After five female employees resigned under the leadership of UW-Eau Claire Vice Chancellor of Enrollment Management Albert Colom, the sixth woman’s resignation and formal complaint prompted an investigation of gender-based discrimination.
Following three years of directly working with Colom, Angie Swenson-Holzinger resigned from her role as an associate director of advising on Feb. 3, the same day she filed her complaint of gender-based discrimination. Prior to Swenson-Holzinger’s allegations, five other women working under Colom resigned within three days of each other in January 2019, the Leader-Telegram reported.
A copy of Swenson-Holzinger’s exit survey letter detailed the “hostile work environment” that caused her to resign.
Colom and Swenson-Holzinger began working together summer 2019, and Swenson-Holzinger said he immediately began acting as if she was incompetent and “regularly disparaged other female leaders on campus,” according to the letter. She “never heard him critique, in any way, a single male leader on campus.”
Colom made numerous references to UW-Eau Claire Chancellor James Schmidt, making comments “about having ‘Jim’s support’ when threatening in veiled ways the job security of me and the team I supervised,” Swenson-Holzinger wrote.
The university has not placed Colom on leave as of Friday, UW-Eau Claire spokesperson Michael Rindo told Wisconsin Public Radio.
“These kinds of complaints are not uncommon,” Rindo told WPR. “They are taken seriously, and then they are referred to appropriate entities to conduct inquiries and ensure that due process is followed.”
Rindo emphasized UW-Eau Claire has a system in place to handle complaints such as these, and an investigation conducted by UW System Shared Services is underway.
Even so, others at UW-Eau Claire warned Swenson-Holzinger about filing a complaint against Colom.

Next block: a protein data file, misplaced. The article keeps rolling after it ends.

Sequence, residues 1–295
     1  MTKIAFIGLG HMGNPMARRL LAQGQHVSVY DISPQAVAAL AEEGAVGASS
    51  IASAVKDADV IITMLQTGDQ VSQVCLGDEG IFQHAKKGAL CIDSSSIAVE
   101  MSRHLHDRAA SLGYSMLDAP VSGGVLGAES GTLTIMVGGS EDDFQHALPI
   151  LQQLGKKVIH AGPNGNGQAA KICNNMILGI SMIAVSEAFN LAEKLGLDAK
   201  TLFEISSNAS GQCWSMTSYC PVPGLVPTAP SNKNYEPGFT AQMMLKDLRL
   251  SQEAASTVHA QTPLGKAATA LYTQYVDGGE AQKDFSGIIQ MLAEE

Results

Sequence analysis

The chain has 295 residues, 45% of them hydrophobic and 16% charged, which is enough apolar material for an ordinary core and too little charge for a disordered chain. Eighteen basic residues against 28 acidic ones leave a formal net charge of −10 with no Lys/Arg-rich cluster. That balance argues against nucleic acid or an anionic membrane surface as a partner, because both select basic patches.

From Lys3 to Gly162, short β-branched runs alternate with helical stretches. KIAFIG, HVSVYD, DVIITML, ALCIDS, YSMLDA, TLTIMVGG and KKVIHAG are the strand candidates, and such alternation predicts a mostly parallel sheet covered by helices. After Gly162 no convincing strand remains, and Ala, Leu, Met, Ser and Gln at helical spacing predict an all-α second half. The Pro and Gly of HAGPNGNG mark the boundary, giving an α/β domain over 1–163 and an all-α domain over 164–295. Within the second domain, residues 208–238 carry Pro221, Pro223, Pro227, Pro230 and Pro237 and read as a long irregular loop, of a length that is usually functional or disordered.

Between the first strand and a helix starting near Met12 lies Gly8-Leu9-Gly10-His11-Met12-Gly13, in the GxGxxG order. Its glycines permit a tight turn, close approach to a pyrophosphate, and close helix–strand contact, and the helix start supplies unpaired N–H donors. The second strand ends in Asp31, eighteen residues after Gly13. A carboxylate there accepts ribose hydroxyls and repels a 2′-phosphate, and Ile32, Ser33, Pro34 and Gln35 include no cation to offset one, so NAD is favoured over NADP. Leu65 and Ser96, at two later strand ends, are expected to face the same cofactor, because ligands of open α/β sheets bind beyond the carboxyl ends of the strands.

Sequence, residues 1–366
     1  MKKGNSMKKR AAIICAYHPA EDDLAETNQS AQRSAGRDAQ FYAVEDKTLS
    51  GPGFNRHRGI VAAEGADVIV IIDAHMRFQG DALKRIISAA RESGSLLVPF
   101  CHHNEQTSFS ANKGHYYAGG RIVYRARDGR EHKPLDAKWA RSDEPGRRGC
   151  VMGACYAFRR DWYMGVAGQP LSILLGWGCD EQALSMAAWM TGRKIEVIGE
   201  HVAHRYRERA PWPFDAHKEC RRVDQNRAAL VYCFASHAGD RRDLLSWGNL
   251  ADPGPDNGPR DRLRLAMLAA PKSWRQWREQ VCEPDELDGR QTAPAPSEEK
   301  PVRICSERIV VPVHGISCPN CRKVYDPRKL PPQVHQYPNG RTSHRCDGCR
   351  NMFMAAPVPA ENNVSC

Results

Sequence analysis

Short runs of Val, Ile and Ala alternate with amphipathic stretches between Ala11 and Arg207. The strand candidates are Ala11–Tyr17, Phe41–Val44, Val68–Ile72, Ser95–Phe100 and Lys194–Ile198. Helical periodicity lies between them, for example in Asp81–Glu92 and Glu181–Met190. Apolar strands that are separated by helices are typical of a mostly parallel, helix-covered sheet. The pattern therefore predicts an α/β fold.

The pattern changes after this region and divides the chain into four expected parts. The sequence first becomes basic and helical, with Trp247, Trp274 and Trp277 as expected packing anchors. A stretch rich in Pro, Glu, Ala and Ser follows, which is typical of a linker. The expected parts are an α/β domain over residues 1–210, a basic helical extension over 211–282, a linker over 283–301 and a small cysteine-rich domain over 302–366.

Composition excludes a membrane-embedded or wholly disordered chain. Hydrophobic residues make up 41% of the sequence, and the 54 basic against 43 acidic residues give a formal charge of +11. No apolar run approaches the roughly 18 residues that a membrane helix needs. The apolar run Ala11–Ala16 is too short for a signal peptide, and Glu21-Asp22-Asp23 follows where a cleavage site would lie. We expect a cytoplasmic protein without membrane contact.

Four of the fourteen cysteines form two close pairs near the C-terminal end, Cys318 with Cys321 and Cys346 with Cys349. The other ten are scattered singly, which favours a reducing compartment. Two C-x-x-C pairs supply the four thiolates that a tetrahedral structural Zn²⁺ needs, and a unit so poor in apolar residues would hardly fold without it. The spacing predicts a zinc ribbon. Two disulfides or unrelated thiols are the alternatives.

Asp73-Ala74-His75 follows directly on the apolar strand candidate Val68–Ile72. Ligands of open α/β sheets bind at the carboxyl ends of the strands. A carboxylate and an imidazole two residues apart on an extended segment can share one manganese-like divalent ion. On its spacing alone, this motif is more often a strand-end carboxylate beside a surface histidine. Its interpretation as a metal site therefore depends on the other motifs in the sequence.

“In discussing with people on campus whether to file this complaint, I was repeatedly given advice to not do so if I ever wished to work at UW-Eau Claire again,” she wrote. “In hearing this refrain repeated and the fearful nature of so many wonderful professionals still employed on campus, I knew I had to proceed with documenting this situation in an official capacity.”
Swenson-Holzinger acknowledged the gender-based discrimination portion of the complaint will be difficult to prove since the majority of the incidents took place behind closed doors.
However, Swenson-Holzinger wrote she believes Colom’s behavior will “certainly meet standards for bullying and negative work environments at the minimum” with the addition of other women’s stories.
Former Associate Director of Admissions Heather Pearson, who had been with the university for 18 years, left in January 2019, within the first four months of Colom's arrival. Pearson left because she could not ethically remain in her position or respect Colom, the Spectator reported.
In an interview with WPR, Pearson said she and four other employees resigned due to the way Colom was treating former Director of Admissions Heather Kretz. Colom began attacking Kretz almost immediately after he was hired in 2018, Pearson said.
Kretz, who had been with the university for more than 10 years, submitted a collection of anecdotes from fellow employees about Colom’s behaviors to Schmidt. According to Pearson, the chancellor signaled support for Colom.
Following the 2019 mass resignation of admission employees, Schmidt sent out an email to the faculty, staff and student leaders thanking Kretz and her colleagues for their many years of service, while also praising the university’s progress under “the relatively short-time Vice Chancellor Colom has been with us.”
Just over a year after this email, Swenson-Holzinger contemplated whether or not to leave her position.
“It took me several more months to be ready to [resign] because I was mourning the loss of a job I loved up until this supervision transition took place to report to Albert Colom,” Swenson-Holzinger wrote. “I am now able to accept that this job that I loved no longer exists.”